6) Cancer Bats – “Searching for Zero”

Following up the singular greatness that was “Dead Set on Living” was a tall order, but Cancer Bats delivered with “Searching for Zero,” an album that eschewed some of the rock overtones of its predecessor to deliver crunchy, ugly riffs circled around personal torment and rebellion.  There’s depth here in the bass tones alone, never mind the slow, churning drudgery that the band mated with it to create an authentic feeling of dread.  It’s rare that a band with hardcore roots can show this much discipline and growth, but Cancer Bats fit the bill.

5) Midnight Ghost Train – “Cold Was the Ground”

I’m starting to sense a theme within my own list, which is that everything I really connected to this year largely fell into one of two categories – different and complex, or ugly and fun.  Midnight Ghost Train swings the needle the farthest in the latter direction, slopping out fuzzy riffs and channeling immense amounts of distortion to create a romp that sounds, well, like I imagine a midnight ghost train would.  What sets this album apart and finishes its showcase is two-fold; first, that if you can sift through the grime, there’s a really accessible metal album underneath and second, there’s a sense of humor here that makes the proceedings lighter than the music would seem at first blush.  An enjoyable ride, and hey, they made a tour poster with a vintage-style nude woman hiding in the shadows on it.  Bonus!

4) Mountain of Wizard – “Casting Rhythms and Disturbances”

Apparently, it’s becoming a trend that I put an instrumental album in my top ten.  Well, here’s this year’s entry, an avalanche of inspired, monster riffs that nod heads and demand notice.  It’s a curious thing when an album can capture attention without speaking a single syllable, and that makes Mountain of Wizard all the more notable for what they’ve accomplished here.  Each of these songs feels like an organic, handcrafted creation, a thoughtful plan executed by musicians who had an idea and then jammed it out a bunch of times until it sounded right.  There’s a lot to like here.

3) Powerwolf – “Blessed and Possessed”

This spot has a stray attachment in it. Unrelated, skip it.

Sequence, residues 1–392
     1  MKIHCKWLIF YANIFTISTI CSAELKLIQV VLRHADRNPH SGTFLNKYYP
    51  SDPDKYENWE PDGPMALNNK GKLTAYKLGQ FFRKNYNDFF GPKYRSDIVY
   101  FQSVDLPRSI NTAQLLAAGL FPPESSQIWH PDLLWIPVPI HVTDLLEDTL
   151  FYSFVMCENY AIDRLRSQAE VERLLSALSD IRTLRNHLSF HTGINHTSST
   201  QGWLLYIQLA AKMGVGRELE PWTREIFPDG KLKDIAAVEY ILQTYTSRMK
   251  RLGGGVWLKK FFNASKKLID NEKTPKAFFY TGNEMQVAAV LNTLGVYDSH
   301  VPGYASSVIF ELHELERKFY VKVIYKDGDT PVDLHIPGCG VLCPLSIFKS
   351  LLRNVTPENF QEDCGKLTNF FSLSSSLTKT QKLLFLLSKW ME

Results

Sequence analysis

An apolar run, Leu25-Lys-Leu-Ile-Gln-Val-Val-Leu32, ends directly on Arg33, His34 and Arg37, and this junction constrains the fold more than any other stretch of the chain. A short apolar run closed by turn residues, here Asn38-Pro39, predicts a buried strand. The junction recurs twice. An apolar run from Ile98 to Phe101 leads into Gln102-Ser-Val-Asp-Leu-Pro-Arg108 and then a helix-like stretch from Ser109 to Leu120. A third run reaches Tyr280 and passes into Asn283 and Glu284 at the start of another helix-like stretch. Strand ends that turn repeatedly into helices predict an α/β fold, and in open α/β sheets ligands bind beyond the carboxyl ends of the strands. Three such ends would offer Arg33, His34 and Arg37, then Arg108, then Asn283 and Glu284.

Okay, if Midnight Ghost Train was the ugliest of these albums, then by comparison in the ‘ugly and fun’ category, “Blessed and Possessed” is the most fun.  Don’t get me wrong, every Powerwolf is fun just because of what it is and what the band does, but this album in particular screams ‘road-trip sing-a-long.’  The Christian werewolves have outdone themselves this time, creating a tome of epic anthem after epic anthem, running the gamut from thumping arena rock to heart-pounding chase.  Attila Dorn’s vocals are as resonant as ever, but the brothers Greywolf outdid themselves this time with sharp, poignant riffs and excellent articulation.  Just look at that video!  I mean, doesn’t that look like fun?

2) Graveyard – “Innocence and Decadence”

Okay, at this point, Chris C and I have salivated over this album enough that everyone knows why it’s on here.  “Innocence and Decadence” is the most complete, best composed record of 2015, assembled and executed by talented musicians who display not only a complete mastery of their sound, but a healthy respect for the heritage of it.  So, what’s holding it back from being #1?

1) Shawn James and the Shapeshifters – “The Gospel According to Shawn James and the Shapeshifters”

This would be the answer.  Sometimes, there is an album so raw, echoing with the vibrations of sheet power, that it overwhelms even the best-laid blueprint of its competitors.  “The Gospel According…” may not be a match for “I&D” when it comes to precision or craft, but the pulpit-shaking bellow of Shawn James stirs the listener on a different level altogether.  This is vigorous, commanding music that’s tempered with enough sense of humor to prevent it from being melodramatic.  The fury and bluster of opener “No Gods” is balanced only too perfectly by the stark, cold grip of “Lost.”  Each track has a different character, a different feel, as the down-home riffs and bluegrass instrumentation create a dynamic sound from the album’s beginning to end.  If you are someone who appreciates being moved by music, or if you simply enjoy being absorbed by the album you’re listening to, there’s something for everyone on this record.  It’s the clear choice for Album of the Year.